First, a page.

Fonio is reported as the oldest West African cereal dating back to 5000 BC. (Purseglove, J.W. 1975). It is popularly known as Acha in Nigeria. It comes in two different variants: Acha Digitaria exilis Kippis Stapf and Acha Digitaria Iburua Kippis Stapf.
Cultivation of Fonio
It is resistant to drought.
Generally, Fonio grains grow to maturity in 5 to 7 months.
However, special varieties produce grains just 6 or 8 weeks after they are planted.
A mix of normal and fast-growing varieties ensure all year round availability.
It tolerates remarkably poor soil and will grow where little else succeeds
Uses of Fonio
Made into porridge and couscous
Ground and mixed with other flours to make bread
Brewed for beer
A good substitute for semolina – the wheat product used to make spaghetti and other pastas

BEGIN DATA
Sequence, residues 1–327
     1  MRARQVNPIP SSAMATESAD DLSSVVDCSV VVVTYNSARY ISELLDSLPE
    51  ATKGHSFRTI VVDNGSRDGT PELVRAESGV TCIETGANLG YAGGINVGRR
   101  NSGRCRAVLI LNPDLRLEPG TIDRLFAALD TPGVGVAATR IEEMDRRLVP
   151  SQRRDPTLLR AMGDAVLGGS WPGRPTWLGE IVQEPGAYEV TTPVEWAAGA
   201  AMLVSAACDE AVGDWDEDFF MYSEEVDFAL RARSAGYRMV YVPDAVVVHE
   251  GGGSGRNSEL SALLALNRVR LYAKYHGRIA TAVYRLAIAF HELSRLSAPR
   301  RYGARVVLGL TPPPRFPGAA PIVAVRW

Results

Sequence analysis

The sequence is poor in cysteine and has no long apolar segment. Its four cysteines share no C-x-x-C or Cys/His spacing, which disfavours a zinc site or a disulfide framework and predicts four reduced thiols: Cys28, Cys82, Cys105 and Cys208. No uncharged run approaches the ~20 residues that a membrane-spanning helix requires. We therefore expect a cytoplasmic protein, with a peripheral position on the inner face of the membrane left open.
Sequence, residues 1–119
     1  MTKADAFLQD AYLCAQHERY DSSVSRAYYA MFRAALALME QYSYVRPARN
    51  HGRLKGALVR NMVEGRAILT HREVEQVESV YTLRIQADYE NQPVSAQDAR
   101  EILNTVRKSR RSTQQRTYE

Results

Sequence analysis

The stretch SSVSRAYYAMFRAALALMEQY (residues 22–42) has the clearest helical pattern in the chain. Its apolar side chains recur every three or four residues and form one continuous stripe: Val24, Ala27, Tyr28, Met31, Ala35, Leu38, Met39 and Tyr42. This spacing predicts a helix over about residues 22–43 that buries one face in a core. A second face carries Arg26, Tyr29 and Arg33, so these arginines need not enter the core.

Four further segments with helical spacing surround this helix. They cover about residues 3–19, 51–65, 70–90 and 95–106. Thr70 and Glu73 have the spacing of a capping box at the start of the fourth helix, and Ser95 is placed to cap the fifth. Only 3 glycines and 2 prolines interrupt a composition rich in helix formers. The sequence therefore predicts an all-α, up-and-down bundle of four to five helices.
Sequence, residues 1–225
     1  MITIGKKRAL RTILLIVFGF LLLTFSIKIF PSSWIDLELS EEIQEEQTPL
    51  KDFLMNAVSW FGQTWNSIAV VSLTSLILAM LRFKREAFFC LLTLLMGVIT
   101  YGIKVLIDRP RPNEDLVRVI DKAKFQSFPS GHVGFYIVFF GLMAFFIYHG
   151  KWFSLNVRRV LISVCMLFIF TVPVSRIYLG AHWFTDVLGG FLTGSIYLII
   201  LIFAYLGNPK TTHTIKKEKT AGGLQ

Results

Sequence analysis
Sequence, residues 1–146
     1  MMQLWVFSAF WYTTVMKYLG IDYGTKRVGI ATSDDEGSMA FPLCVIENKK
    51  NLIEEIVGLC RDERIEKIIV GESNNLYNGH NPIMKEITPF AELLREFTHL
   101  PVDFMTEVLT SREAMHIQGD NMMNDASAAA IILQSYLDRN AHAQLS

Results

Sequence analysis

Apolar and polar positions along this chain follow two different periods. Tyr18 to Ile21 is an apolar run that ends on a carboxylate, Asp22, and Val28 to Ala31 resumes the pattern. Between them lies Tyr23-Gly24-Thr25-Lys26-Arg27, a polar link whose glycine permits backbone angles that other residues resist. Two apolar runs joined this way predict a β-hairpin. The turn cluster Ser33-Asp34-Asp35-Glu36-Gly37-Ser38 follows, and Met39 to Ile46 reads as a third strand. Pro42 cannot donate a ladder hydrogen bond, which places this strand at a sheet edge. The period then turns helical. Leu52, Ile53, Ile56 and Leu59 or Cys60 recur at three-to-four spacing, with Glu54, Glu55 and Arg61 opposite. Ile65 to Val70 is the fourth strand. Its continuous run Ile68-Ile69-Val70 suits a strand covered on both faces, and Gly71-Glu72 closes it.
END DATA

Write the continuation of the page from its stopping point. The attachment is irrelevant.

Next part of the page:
It is a valuable feed for monogastric animals, notably pigs and poultry.
Limitations of Fonio
Processing could be very time consuming due to separation of sand from the grains.
Poor agronomic performance as a result of unimproved seeds and husbandry practices.
Nutritional Benefits of Fonio
Fonio is a good source of Protein.
It offers an impressive variety of essential amino acids such as; phenylalanine, glycine, glutamate/glutamine, proline, leucine, methionine and cysteine.
The methionine level in fonio has been found to be twice of that found in egg protein.
Fonio has a much lower Glycaemic index compared to other major grains.
It’s impact on blood sugar levels is significantly less. Thus, it is ideal for diabetics and cardiovascular patients.
IT IS GLUTEN-FREE
Production of Fonio
Nigeria is currently the second largest producers of Fonio in the world with an average production of 76,506 tonnes between 1994 and 2018.
Sources of Fonio:
Sources of Fonio
It is produced in the Northern part of Nigeria. The following cities are the major hubs:
Plateau, Bauchi, Kaduna, niger, Nassarawa, Kebbi and Abuja.